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Thinking (Re)Productively

Counseling for emergency contraception: time for a tiered approach

Kirsten Thompson Peter Belden

Typical counseling for emergency contraception (EC) does not take into account the relative effectiveness of the methods or client characteristics; new data and lessons from contraceptive counseling research suggest that it is time for this approach to change. The number of EC options available in the United States has grown in the last decade and now includes levonorgestrel (LNG) pills, ulipristal acetate (UPA) pills and a copper intrauterine device (IUD). Understanding of the relative effectiveness of EC options has also grown and is the subject of ongoing research. Similar to other contraceptive methods, there is a range of effectiveness for ECs, and user adherence impacts effectiveness [1].

More than for other contraceptives, the effectiveness of LNG and UPA pills differs by characteristics outside women's immediate control, such as body mass index (BMI) and the timing of ovulation. For example, Glasier et al. [1] showed that women are at a statistically significant increased risk of pregnancy after taking LNG or UPA when they:

  • had a BMI 30 kg/m2 compared to a BMI <25 kg/m2,
  • had unprotected sex the day before estimated ovulation compared to women outside their fertile window or
  • had additional acts of unprotected intercourse after taking EC compared to women who did not.

For obese women, using LNG pills appeared to carry the same risk for pregnancy as taking no action. In contrast, the effectiveness of the copper IUD is similarly high (>99%) when used for emergency or interval contraception and does not vary with BMI [2]. LNG effectiveness declines as the number of days after unprotected intercourse increases, with substantially diminished efficacy in days 4 and 5 [3]. UPA and the copper IUD remain effective up to 5 days after unprotected intercourse [2, 3], and the copper IUD may be effective beyond 5 days [4].

While evidence on this topic continues to evolve, some are already integrating these findings into clinical practice guidelines. However, the American Academy of Pediatrics policy statement on EC (2012) has only one brief mention of the copper IUD as EC and says nothing about its efficacy compared to the alternatives [5]. The US Centers for Disease Control and Prevention (CDC) Selected Practice Recommendations for Contraceptive Use (2013) do not include differences in the effectiveness of EC methods [6]. The American College of Obstetricians and Gynecologists' Committee Opinion on EC (2012) emphasizes reducing barriers to all EC methods, but does not offer guidance on counseling [7].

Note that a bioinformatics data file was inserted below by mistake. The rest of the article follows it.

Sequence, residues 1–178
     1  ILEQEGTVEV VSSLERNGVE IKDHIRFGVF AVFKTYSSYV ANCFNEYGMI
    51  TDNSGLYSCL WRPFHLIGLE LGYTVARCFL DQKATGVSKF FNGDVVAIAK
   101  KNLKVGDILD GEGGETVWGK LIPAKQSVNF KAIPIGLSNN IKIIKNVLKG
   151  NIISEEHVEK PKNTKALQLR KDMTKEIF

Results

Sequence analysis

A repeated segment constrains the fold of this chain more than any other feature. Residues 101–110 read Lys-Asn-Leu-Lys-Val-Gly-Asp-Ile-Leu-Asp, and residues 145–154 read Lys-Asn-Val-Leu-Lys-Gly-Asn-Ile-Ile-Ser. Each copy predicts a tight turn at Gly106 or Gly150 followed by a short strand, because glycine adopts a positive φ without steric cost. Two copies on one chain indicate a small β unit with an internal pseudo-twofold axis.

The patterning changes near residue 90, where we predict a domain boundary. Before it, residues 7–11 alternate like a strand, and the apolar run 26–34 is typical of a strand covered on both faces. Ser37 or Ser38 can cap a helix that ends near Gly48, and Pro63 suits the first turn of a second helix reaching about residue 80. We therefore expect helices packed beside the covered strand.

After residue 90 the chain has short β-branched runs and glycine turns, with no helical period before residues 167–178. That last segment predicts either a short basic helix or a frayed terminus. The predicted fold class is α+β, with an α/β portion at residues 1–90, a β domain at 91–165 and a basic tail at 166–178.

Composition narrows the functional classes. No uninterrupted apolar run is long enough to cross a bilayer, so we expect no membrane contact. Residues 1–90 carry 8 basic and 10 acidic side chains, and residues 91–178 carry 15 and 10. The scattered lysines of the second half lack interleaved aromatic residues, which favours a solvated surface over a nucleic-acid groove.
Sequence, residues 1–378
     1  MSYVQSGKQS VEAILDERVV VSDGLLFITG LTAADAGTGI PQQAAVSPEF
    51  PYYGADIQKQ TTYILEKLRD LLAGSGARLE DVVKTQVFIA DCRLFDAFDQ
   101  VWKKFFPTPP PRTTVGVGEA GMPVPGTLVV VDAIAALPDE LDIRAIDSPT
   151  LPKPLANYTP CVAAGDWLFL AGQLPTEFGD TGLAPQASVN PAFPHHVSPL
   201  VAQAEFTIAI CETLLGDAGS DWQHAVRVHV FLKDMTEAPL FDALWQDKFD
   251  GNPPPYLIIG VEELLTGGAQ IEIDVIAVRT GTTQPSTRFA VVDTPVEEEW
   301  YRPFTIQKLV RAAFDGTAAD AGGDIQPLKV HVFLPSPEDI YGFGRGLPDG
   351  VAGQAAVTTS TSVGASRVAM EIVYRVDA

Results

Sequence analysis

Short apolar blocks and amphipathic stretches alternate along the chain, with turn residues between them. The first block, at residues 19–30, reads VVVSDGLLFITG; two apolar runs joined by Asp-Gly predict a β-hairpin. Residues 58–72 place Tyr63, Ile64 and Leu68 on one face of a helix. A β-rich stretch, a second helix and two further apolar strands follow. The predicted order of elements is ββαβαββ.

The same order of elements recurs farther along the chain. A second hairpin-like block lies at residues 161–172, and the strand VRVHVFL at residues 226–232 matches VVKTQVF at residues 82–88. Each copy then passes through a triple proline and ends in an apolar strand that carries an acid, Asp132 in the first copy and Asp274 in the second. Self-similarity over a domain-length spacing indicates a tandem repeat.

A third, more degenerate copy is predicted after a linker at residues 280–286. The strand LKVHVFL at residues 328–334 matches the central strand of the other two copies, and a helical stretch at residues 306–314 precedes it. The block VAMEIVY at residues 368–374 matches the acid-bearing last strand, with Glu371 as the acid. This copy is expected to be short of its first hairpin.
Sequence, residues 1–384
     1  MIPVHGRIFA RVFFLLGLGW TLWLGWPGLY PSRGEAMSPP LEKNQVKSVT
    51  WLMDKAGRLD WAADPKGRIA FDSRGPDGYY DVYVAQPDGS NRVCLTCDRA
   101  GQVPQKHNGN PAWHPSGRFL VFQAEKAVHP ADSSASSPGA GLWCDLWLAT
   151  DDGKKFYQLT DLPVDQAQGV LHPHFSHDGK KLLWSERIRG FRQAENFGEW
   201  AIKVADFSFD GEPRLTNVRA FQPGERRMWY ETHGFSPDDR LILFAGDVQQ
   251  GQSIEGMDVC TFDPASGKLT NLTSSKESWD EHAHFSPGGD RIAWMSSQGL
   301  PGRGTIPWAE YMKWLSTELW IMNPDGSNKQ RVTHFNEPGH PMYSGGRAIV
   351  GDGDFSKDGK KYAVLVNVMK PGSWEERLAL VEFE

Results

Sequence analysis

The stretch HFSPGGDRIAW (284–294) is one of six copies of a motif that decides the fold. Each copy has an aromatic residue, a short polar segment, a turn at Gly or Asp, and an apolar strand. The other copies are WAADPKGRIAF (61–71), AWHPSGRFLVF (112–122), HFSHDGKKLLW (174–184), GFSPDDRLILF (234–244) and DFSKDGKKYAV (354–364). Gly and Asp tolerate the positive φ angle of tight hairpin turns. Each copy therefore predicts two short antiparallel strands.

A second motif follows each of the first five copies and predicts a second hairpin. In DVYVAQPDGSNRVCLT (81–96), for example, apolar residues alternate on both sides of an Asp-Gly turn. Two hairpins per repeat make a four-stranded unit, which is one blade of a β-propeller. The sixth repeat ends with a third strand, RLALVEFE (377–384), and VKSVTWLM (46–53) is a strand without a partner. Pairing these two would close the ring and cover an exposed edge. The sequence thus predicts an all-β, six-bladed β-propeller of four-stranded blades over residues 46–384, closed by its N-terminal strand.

Few women have perfect recall of their menstrual cycle, and the United States has a high and increasing prevalence of obesity, with 33% of women aged 15-C45 being classified by the CDC as obese (author's tabulation of 2006-C10 National Survey of Family Growth data). Both of these factors appear to affect the efficacy of LNG and UPA pills. Health care providers are women's most trusted source of information about EC [8] and have a unique opportunity to educate women presenting for EC about the relative effectiveness of their options. With a broader range of EC options, there is a need to explore counseling techniques, their impact on client knowledge and client preferences. Increasing evidence supports describing the effectiveness of contraceptive methods in categories or tiers for typical use, rather than by numeric failure rates [9]. Studies included in this Cochrane review showed that this tiered approach improved client knowledge, and one study showed that clients preferred this method of contraceptive counseling [9].

Why not use a tiered approach with emergency contraceptive counseling? Fig. 1 shows a patient education tool based on the tiered approach developed by the University of California, San Francisco (UCSF) Bixby Center for Global Reproductive Health and Bedsider. Few providers offer the full range of EC options, with the copper IUD being the least accessible method [10]. However, the tiered counseling approach is important even in settings where not all EC methods are available. In order for patients to give informed consent to use any type of EC, providers must inform them about all their options. Physicians cannot ethically restrict the treatments they discuss with patients to only those that they offer. A study in 40 Planned Parenthood clinics found that a majority of young women (69%) were interested to learn more about the copper IUD for EC [7]. Studies of women presenting for EC in family planning clinics have shown that, when counseled on the full range of EC options, 11%-C40% choose a copper IUD [11, 12].

Fig. 1: A patient education tool for EC based on a tiered approach.